Tuesday, January 28, 2020

Captain Barry's Art Deco Adventure


Once my Art Deco Weekend demos and sketch walks were finished, I decided to join a group of artists on a sketch walk along Ocean Drive in Miami Beach. The first stop n this sketch walk was the Versace Mansion. I had sketched the mansion twice already, once in my sketchbook on the first day, and once on a large sea grape leaf for one of my demos. Instead of once again drawing the mansion, I decided instead to sketch the artists perched curbside working on their sketches.

Captain Barry came from Virginia to join us documenting the festival. He attended my leaf sketching demo and he finished a sketch of the mansion on a leaf as well. We hung his leaf in the Urban Sketchers tent and someone wanted to buy it but we were not sure if he wanted to sell it. He is the most enthusiastic artist I have met. He appreciates the talents of all the artists around him and he loves getting up close to the action when he sketches. In my sketch he is leaning up against the New Times paper dispenser.

After I had blocked out the composition of this sketch, a woman walked up to Captain Barry and she leaned over him chatting. She stood there for the next hour or so apparently telling Barry every detail of her home renovation saga. Barry was in the awkward position of not seeming rude, but still having to finish his sketch. I was proud of him for keeping his focus and keeping his hand moving while still nodding occasionally to let the woman know he was still listening.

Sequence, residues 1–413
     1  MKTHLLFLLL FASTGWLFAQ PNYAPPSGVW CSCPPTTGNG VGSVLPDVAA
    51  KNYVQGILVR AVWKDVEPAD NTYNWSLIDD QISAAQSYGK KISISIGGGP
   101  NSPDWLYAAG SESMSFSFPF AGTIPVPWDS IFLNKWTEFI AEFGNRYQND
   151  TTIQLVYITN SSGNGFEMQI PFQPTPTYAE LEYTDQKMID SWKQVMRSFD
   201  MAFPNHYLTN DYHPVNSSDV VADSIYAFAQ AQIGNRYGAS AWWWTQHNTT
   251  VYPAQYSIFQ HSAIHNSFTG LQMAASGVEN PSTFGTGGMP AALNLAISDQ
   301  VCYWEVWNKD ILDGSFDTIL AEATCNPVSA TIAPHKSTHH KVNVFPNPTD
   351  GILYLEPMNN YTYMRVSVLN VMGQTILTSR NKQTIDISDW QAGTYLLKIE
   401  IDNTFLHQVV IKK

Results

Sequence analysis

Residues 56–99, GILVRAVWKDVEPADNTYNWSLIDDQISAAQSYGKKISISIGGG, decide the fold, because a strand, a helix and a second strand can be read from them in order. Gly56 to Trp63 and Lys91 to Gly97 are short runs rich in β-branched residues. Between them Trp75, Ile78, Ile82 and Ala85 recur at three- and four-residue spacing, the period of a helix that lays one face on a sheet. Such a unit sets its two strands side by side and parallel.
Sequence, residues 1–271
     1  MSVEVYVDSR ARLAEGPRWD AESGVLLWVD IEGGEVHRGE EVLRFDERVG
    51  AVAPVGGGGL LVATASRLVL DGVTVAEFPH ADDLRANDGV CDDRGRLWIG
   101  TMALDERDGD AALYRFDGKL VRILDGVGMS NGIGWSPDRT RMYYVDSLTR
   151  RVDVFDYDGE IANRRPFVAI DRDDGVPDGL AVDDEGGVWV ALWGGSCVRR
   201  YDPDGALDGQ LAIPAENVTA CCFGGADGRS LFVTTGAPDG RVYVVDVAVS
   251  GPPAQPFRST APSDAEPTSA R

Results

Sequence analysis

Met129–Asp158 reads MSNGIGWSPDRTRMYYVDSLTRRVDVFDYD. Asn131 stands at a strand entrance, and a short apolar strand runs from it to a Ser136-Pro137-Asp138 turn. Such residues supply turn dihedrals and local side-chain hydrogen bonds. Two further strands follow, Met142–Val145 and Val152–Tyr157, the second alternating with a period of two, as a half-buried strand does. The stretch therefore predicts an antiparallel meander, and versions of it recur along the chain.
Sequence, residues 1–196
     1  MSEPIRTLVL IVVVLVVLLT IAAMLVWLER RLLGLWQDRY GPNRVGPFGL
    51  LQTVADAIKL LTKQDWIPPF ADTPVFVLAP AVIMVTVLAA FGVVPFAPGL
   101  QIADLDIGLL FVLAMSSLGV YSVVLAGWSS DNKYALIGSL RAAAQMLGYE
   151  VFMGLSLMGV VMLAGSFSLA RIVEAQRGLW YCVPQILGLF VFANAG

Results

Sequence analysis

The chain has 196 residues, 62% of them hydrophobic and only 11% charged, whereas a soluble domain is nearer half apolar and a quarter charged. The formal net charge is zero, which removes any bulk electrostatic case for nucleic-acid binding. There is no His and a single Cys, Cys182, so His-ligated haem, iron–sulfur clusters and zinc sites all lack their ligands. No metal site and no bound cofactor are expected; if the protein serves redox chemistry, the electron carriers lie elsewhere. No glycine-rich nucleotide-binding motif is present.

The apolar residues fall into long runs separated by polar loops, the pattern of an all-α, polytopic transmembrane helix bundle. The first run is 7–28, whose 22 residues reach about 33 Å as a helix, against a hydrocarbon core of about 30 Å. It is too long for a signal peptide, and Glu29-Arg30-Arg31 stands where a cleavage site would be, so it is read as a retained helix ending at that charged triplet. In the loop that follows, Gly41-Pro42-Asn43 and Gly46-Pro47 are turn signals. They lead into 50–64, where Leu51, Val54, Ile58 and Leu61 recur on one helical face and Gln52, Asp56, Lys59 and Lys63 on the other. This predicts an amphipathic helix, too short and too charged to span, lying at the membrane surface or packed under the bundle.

In Virginia, Captain Barry runs Back Bay Cruises which offers hands on Eco-Expeditions. He sets sail on the Chinoteague, on a flat deck pontoon boat that becomes a floating classroom and research vessel offering hands on aquatic lessons. Participants get off the bots at one point on the sand bars to dig   in the mud for sea creatures. The cruise continues with crab pots and for those that are brave enough, learning how to hold a crab without getting pinched. They then navigate to shell island for shell collecting and then the illusive hunt for jellyfish. The adventure used all the senses, hearing, touch, taste and smells. Should you find yourself in the neighborhood be sure to contact Captain Barry.


Prints are available for each sketch for $250 and many originals can be purchased for $400. White museum grade shadow box frames are $100 more. You can e-mail Thor at analogartistdigitalworld@gmail.com

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